After such best-sellers as Generation X and Microserfs, what do you write? This is a peculiar novel — a blend of "Friends", "It's a Wonderful Life" and the Apocalypse. It contains some remarkable science-fiction and fantasy concepts, but it's not about that. It's about real life and it also contains a heavy dose of that.
A truth that we've all known long enough for it to cliché is that one understands life for the first time when faced with death. In Douglas Coupland's book, Generation X find themselves on the brink of that abyss. Things happen quickly and dramatically, like colossal special effects, and for a particular effect. People have visions of the future, or die, or fall into comas and wake up after 17 years of oblivion...
A third of the book revolves around the wakened coma victim, playing the part of the Crocodile Dundee or Woody Allen in Sleeper, visitor to the strange world of the 1990s. "Would you have believed in the emptiness of the world if you'd eased into the world slowly, buying into its principles one crumb at a time the way your friends did?" We know that the answer is meant to be: only if some author had forced us to think about it.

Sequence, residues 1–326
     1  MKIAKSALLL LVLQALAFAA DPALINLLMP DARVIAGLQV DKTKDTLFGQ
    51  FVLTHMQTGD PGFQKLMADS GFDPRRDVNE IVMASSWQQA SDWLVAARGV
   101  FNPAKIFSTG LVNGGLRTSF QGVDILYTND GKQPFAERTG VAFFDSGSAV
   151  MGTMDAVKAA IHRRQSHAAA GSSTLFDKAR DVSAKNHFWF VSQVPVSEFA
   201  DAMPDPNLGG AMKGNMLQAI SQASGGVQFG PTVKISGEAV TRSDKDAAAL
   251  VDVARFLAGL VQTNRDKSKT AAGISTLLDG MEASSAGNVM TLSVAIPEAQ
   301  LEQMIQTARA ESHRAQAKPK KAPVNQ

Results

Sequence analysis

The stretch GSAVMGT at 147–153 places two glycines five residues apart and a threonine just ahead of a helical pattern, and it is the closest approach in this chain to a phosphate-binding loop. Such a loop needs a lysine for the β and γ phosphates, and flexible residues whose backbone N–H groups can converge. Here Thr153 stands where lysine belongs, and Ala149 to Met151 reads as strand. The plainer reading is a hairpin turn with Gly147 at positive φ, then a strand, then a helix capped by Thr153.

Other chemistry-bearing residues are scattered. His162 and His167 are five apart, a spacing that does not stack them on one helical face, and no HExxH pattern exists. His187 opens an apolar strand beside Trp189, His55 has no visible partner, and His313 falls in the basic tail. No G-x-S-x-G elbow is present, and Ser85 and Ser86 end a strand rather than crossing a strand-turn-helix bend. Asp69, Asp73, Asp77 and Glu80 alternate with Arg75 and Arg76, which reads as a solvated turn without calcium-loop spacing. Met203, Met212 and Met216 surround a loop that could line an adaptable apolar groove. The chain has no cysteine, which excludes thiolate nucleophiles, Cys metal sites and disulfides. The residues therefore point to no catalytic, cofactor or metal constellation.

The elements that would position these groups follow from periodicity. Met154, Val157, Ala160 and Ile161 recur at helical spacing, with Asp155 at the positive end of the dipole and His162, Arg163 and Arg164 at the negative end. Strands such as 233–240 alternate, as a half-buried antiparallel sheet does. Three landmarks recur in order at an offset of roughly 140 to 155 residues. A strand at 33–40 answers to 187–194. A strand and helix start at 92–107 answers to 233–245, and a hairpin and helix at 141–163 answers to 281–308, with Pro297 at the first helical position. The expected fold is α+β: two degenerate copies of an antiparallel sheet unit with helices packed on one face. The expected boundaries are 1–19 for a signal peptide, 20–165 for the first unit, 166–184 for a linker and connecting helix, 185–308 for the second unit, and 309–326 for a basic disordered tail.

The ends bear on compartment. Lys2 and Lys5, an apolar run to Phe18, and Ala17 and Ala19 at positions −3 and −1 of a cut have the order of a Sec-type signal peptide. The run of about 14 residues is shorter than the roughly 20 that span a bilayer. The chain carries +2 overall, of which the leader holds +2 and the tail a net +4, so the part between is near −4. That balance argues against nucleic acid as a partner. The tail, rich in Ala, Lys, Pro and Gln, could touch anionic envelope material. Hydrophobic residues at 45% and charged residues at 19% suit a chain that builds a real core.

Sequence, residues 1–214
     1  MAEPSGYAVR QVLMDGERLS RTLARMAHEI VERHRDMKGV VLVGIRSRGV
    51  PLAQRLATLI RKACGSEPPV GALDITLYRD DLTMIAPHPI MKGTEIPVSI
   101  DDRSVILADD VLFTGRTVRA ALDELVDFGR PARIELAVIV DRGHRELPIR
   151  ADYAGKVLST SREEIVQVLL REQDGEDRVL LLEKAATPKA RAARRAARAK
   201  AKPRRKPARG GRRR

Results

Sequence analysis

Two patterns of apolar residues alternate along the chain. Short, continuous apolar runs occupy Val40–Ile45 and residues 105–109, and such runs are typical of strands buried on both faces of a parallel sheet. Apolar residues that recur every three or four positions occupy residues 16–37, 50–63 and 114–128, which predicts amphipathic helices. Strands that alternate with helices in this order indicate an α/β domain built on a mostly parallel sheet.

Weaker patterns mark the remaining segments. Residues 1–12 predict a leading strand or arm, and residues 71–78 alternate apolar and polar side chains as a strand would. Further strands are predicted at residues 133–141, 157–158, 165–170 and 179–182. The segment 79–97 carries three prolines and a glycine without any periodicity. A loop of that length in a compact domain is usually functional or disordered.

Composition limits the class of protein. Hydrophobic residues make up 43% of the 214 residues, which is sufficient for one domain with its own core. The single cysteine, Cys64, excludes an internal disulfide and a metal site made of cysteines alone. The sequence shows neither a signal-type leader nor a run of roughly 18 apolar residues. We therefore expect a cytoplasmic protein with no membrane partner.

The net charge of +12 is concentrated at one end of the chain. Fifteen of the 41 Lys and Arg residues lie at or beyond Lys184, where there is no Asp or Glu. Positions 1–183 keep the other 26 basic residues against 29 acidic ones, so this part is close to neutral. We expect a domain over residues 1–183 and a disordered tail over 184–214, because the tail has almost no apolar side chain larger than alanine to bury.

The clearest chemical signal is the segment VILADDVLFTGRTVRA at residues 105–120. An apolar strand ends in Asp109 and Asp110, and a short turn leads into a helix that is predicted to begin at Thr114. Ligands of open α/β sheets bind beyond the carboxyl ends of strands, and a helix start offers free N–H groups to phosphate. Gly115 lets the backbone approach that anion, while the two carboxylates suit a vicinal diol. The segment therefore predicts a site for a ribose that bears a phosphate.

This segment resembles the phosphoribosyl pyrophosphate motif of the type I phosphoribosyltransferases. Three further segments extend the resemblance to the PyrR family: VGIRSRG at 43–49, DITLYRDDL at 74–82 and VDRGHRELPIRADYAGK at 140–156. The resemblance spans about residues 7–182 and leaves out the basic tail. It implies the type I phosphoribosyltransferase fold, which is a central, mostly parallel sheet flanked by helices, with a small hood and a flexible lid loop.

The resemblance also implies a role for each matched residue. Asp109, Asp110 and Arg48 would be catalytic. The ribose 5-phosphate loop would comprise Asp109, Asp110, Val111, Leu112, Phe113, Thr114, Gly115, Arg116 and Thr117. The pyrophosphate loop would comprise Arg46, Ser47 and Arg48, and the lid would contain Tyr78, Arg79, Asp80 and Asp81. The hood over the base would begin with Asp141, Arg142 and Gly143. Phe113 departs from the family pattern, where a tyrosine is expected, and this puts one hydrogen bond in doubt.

But the special effects don't end here as Coupland pulls out most of the stops to try to highlight and intensify the apparently humdrum questions that are in fact the vibrant alive core of human existence: What does it mean to love? What does it mean to be a family? Are enjoying ourselves and serving ourselves the true goal of the human race, or rather of each individual?
Coupland writes well and enjoyably. His characters are only as believable as people you know, and watching them alternately fritter their potential away then struggle to get their acts together will be a deja vu experience for most readers, despite the alien fantasy backdrop that picks them out with such contrast. The Christian will find much of the moral territory familiar, but seen from a frighteningly different angle. Insofar as any novelist or scientist succeeds in getting close to the heart of existence, they have gotten a bit closer to Him who is the Heart of Existence. This book is surprisingly religious and a good common-ground starting point for some re-opened negotiations between postmodern Western culture and believers. It stresses that we have a common enemy, and that our sensibilities may not be as different as was initially thought.
Conrad Gempf, June 1998
Dr Conrad Gempf teaches New Testament at London School of Theology. He is the author of Jesus Asked (Zondervan, 2003), Mealtime Habits of the Messiah (Zondervan, 2005) and Christian Life & The Bible (LST, 2006). He writes extensively for various books, journals, magazines and websites; here's his blog: Not Quite Art; Not Quite Living.
Previously published by London School of Theology. Reused here by kind permission.
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